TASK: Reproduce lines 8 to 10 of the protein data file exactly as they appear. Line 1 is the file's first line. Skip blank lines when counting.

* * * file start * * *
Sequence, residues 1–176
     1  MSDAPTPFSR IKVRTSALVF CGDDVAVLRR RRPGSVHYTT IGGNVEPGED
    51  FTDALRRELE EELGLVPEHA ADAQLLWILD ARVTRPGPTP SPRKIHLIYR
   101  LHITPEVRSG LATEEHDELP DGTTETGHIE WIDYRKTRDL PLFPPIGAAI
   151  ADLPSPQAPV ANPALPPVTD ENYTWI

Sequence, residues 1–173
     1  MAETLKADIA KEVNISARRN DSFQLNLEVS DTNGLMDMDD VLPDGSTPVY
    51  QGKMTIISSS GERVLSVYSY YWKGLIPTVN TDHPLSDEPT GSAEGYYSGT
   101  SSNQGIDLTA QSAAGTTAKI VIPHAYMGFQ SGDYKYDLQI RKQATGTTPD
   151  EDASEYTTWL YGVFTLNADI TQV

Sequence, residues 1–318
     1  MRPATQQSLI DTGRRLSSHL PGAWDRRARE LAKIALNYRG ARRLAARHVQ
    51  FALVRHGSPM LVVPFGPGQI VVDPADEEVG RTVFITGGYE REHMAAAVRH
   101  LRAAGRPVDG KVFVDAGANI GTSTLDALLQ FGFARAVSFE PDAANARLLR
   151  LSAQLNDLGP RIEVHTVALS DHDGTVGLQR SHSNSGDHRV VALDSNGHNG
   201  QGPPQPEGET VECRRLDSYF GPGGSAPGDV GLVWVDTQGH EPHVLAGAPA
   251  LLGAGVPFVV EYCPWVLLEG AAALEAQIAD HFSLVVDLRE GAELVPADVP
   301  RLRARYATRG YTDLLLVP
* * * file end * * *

    51  QGKMTIISSS GERVLSVYSY YWKGLIPTVN TDHPLSDEPT GSAEGYYSGT
   101  SSNQGIDLTA QSAAGTTAKI VIPHAYMGFQ SGDYKYDLQI RKQATGTTPD
   151  EDASEYTTWL YGVFTLNADI TQV